I picked up East End and Docklands in the library on something of a whim, because the photographs are amazing, and show the docklands as I never knew them, though 1990 still doesn’t seem that far away. Until I count the decades. I am now eager to find Fishman’s Streets of East London.
It’s been in my stack of books to read and evacuate from this room before I must, and the parallel of poverty and decay swept away before regeneration and a shiny but far less interesting wealth is not at all lost on me.
This bank holiday weekend facing a broken boiler, days behind and stretching miserably ahead without hot water, we decided to take up a deal and escape to a cheap hotel off of the old Royal Victoria Dock. I took this picture:
Reviewing the book before sending it back to the library I found this:
Granted they are facing a different direction, but the differences are still clear. An astonishing transformation.
As we walked down along the old docks to the Ramada, we passed this grouping of buildings I was fascinated by, that also found parallels in these old pictures:
The old Spillers Millenium Mills Building, I can’t quite figure out the angles here, but this is the same building:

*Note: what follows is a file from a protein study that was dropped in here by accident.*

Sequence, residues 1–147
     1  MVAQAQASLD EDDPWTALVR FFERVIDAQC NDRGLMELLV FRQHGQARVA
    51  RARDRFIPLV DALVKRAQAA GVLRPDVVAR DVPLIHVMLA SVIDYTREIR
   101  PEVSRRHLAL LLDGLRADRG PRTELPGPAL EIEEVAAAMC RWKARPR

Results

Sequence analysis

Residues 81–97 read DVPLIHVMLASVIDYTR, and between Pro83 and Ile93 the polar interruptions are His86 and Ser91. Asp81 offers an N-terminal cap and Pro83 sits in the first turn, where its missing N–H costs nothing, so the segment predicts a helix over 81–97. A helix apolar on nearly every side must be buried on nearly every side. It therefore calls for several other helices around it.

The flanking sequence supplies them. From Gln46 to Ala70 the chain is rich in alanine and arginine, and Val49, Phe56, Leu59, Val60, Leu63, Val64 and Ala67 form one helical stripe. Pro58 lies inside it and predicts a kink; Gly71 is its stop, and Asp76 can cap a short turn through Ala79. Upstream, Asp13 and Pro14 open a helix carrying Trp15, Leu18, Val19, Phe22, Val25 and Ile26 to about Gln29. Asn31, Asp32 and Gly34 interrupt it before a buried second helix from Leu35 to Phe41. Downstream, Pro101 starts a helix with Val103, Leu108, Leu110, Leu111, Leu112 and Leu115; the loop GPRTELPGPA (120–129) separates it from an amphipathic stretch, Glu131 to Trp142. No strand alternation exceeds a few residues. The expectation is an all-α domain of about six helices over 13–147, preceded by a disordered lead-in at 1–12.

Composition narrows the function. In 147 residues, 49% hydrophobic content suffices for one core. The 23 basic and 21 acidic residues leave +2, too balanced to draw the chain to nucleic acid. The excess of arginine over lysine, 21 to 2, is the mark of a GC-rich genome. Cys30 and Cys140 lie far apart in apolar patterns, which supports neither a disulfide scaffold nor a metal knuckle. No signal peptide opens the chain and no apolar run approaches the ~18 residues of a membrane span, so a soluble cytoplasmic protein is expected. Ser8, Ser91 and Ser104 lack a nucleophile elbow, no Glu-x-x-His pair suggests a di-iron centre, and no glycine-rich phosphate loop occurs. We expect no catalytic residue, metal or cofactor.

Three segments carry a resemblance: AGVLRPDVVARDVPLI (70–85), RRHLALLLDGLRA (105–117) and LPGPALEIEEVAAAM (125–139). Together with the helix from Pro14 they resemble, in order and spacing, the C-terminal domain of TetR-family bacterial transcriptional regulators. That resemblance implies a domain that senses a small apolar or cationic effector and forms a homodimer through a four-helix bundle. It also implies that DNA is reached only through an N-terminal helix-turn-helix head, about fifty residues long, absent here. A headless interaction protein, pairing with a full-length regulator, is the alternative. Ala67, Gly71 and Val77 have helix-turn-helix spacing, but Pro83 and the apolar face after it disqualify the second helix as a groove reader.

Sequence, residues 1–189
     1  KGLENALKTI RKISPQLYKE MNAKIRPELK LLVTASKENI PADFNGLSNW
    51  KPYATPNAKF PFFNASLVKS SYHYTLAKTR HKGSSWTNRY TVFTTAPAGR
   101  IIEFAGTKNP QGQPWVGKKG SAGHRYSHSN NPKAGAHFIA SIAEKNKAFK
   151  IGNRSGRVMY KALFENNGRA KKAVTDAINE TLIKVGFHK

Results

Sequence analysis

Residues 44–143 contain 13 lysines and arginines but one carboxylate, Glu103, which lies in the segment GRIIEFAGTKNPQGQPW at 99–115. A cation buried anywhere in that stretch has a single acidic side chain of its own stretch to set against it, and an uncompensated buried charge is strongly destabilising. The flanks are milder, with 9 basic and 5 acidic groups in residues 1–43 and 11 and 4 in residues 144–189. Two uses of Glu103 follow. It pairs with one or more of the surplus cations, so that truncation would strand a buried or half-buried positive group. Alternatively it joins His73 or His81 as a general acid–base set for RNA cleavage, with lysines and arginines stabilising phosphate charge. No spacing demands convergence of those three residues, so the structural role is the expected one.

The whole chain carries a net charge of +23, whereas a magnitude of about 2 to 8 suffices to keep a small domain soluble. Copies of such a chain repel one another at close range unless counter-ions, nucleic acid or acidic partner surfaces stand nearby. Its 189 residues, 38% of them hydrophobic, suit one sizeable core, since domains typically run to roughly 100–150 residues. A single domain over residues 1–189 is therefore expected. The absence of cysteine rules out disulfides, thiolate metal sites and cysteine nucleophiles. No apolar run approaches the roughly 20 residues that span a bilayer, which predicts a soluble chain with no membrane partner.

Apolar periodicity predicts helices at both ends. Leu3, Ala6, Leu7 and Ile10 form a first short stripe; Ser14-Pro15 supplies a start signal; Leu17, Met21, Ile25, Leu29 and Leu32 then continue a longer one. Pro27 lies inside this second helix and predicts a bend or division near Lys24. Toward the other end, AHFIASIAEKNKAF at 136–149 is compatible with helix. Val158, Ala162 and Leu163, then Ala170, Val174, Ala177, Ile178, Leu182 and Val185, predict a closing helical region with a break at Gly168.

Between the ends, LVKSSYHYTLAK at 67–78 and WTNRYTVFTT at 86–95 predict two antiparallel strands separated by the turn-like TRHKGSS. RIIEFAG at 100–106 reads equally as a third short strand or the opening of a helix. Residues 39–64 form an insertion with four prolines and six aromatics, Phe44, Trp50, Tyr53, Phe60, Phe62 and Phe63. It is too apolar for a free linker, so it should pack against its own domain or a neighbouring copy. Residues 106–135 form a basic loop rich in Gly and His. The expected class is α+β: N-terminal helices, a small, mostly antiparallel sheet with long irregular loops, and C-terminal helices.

They get more interesting as you walk:
I quite love the armadillo.
A final pairing of pictures, though this one I took of Limehouse is from last year:
The major employers today seem to be the miserable jobs in the hotels and the ExCel centre — which has created a most depressing and dead riverfront area with nowhere to sit, enjoy, discuss, daydream, stare at the river and think.
Funny that we call that regeneration, it was very reminiscent of the almost empty wasteland of the Olympic Park we had just left in Stratford. Except there the tiny handful of people on the grass did seem to be enjoying themselves and here they seemed more passed out really. Though I could be wrong.
The text in here gives a very good background to the docks and riverside, the development and decay and the struggle over their redevelopment. Of course it did not go uncontested, and who doesn’t love old protest posters:
But they did not stop the cranes, this is one of the more extraordinary pictures I’ve seen I think. I would guess that today in the East End there are just as many of these bastards, but not with an unobstructed view like this.
And to end on a happy note, a memory of the better days in Poplar. If only Ed Milliband had carved this message into stone and meant it.